Learning Agility and Embracing the Suck

Learning Agility and Embracing the Suck

 

“Embracing the suck” is part of the path to mastering anything new says social scientist, Brene Brown.

These days, my “new” is learning to write the stories of the amazing, courageous women I’ve interviewed for my book…I’m learning to be a storyteller, essentially. And it’s hard!

It’s hard because

  • I feel responsible for someone’s story. I want to write it in such a way that I honor and convey the core essence of their narrative. I want my reader to really see the women and their experience.
  • I’m so accustomed to business writing, which is all about keeping the message short, direct, and to the point. Storytelling requires me to develop a style of expounding, elaborating, and being more colorful and emotive in my writing.
  • I’m working to find the balance of staying focused and on point, yet sharing enough that my reader is drawn in, as if riding a wave beside my “character,” following the rise and fall of the story’s build, the peak, and the close.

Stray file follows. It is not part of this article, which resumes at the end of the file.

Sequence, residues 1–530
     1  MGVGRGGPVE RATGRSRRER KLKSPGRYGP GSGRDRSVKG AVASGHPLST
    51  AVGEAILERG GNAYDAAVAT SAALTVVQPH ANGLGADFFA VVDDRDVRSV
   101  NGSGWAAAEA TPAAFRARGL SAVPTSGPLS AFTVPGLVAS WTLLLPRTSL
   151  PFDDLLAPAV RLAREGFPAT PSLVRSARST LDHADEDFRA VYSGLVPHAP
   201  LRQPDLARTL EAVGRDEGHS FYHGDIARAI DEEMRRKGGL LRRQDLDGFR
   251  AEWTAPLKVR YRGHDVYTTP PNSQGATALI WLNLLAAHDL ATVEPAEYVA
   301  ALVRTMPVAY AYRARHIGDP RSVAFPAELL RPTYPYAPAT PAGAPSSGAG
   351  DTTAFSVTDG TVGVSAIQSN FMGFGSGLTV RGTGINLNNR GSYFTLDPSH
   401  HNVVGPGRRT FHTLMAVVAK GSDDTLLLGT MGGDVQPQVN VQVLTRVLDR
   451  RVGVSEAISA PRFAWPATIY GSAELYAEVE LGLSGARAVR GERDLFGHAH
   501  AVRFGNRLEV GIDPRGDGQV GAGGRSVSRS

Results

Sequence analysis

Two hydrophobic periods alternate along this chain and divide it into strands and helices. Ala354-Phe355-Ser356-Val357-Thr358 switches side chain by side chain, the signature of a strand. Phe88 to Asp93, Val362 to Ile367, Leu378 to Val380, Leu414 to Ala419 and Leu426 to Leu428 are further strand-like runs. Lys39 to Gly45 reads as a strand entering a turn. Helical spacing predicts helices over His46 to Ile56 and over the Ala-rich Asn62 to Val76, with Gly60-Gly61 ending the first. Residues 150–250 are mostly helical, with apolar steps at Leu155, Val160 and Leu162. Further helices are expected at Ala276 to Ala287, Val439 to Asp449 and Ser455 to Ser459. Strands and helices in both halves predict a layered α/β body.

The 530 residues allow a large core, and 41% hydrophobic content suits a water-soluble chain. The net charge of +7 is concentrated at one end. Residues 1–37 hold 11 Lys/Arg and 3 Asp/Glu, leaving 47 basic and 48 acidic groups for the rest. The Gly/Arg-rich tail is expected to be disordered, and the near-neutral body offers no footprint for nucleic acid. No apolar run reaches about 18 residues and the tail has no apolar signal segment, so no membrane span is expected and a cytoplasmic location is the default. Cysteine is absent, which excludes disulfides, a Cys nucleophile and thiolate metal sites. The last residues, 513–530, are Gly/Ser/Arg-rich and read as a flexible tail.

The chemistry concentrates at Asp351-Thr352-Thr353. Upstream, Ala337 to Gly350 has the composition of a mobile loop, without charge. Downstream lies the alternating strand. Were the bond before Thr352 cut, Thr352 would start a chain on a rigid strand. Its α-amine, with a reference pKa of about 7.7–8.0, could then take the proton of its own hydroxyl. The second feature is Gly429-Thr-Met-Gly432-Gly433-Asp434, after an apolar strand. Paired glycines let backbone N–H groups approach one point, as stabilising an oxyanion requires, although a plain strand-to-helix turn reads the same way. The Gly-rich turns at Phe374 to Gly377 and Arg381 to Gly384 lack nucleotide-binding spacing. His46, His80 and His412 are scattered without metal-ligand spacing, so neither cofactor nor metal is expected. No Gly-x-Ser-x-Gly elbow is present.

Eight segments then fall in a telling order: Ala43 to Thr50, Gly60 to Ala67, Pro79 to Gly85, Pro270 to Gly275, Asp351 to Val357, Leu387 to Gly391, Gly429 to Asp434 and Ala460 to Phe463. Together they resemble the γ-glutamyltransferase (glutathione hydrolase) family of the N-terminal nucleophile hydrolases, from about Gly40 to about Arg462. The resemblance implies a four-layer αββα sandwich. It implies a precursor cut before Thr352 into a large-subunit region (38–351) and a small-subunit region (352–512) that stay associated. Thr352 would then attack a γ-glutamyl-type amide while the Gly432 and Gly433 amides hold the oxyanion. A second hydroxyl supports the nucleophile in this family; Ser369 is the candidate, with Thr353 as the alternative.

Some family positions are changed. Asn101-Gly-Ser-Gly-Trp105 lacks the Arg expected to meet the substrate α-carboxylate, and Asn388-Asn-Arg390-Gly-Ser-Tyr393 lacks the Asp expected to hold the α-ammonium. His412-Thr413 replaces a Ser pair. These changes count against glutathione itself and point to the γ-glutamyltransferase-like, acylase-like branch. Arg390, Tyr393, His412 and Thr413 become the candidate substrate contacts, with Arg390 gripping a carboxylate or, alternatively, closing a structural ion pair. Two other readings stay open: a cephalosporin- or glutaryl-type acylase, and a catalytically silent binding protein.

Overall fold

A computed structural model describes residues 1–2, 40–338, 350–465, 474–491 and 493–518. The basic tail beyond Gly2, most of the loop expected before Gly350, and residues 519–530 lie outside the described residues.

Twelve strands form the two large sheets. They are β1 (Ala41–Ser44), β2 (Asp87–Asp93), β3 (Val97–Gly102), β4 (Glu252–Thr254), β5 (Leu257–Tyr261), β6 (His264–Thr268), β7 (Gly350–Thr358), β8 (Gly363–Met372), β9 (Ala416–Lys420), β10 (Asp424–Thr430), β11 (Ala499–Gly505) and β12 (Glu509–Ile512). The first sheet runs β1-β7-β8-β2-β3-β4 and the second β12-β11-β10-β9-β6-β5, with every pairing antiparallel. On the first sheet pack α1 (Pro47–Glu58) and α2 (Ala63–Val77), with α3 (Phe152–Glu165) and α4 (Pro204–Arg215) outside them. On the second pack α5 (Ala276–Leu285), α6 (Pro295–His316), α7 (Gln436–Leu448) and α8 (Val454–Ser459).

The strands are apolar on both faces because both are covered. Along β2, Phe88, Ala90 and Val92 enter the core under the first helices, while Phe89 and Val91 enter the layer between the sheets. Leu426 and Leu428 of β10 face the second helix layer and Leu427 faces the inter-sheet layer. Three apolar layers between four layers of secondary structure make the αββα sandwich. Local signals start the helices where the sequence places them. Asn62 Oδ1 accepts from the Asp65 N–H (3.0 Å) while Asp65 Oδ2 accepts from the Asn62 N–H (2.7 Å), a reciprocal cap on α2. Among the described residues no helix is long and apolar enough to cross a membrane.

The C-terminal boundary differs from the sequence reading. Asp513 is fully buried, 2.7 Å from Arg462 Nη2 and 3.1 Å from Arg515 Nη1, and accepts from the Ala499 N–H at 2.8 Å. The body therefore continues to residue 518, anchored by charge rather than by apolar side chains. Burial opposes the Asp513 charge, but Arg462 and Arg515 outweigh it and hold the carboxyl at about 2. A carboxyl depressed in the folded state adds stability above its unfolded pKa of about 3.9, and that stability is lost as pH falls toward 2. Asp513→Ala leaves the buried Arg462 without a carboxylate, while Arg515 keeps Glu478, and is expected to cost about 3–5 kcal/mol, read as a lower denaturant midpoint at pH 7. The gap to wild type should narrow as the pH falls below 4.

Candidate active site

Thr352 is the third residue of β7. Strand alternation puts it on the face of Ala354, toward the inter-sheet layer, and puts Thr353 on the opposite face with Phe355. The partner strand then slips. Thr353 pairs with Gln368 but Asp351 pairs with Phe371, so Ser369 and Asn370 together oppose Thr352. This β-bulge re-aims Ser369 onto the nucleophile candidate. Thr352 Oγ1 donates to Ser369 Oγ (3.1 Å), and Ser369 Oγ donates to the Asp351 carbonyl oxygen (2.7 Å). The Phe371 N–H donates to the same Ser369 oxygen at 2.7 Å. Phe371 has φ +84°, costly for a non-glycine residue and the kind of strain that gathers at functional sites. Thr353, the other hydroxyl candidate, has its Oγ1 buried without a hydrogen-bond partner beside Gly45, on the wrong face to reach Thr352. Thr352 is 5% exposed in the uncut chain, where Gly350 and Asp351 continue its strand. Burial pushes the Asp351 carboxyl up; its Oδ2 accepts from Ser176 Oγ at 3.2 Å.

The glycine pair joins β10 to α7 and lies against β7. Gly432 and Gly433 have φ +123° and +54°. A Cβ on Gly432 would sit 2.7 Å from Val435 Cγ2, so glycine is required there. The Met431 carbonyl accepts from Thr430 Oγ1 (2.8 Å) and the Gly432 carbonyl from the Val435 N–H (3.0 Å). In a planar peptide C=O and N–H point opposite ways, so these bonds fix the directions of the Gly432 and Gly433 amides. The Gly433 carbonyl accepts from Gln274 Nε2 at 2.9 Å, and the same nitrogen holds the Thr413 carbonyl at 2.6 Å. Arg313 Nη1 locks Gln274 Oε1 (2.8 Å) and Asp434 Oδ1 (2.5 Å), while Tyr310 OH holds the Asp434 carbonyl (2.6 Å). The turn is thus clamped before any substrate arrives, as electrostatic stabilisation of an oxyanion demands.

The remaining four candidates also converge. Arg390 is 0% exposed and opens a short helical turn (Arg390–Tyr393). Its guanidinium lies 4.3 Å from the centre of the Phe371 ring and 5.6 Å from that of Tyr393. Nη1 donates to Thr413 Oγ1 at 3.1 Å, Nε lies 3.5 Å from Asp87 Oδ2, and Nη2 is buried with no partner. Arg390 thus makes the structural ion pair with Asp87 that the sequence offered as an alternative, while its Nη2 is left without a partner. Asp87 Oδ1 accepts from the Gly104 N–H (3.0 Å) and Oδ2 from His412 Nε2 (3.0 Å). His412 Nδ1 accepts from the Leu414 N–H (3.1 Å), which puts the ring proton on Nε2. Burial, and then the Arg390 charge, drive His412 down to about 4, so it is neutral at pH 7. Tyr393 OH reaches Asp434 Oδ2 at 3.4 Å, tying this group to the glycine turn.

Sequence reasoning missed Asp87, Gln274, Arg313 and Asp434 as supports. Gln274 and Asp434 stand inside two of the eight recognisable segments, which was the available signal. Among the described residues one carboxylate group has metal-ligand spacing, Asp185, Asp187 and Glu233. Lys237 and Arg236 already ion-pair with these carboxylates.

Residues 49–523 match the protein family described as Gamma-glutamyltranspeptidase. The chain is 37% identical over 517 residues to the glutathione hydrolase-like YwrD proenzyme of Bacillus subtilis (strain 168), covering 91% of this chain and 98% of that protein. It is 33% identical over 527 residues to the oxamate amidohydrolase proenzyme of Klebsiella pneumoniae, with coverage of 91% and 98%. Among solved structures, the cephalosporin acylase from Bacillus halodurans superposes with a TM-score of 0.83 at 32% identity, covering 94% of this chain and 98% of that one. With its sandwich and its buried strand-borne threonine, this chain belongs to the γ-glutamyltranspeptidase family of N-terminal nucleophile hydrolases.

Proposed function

The work is stretching and challenging me in new ways. The difficulty persists, but so do I. I show up even when I don’t feel creative. I make myself write – “just get words on the paper,” I tell myself, “and the flow will come.” I feel myself growing, not only in my ability to write the stories, but also in how I tell stories to others. I’m learning about the art and delivery.

This path, and sometimes anguish, of learning something new is what I refer to as The Learning Curve. I have the (ahem) joy of being in it right now!

The Learning Curve

Whenever we come up on a learning opportunity, we have a choice of two ways to go:

  1. We can decide to go for it, or
  2. We can choose to stay right where we are…“the comfort zone”

If we choose to go for it, we’re sure to have some new muscle building with a likely series of trying the new thing and failing. It’s like learning to ride a bike as a kid and taking the training wheels off for the first time. We’re gonna fall – probably over and over and over again. Attempting and failing is hard, it’s embarrassing, it…sucks. It makes us want to quit!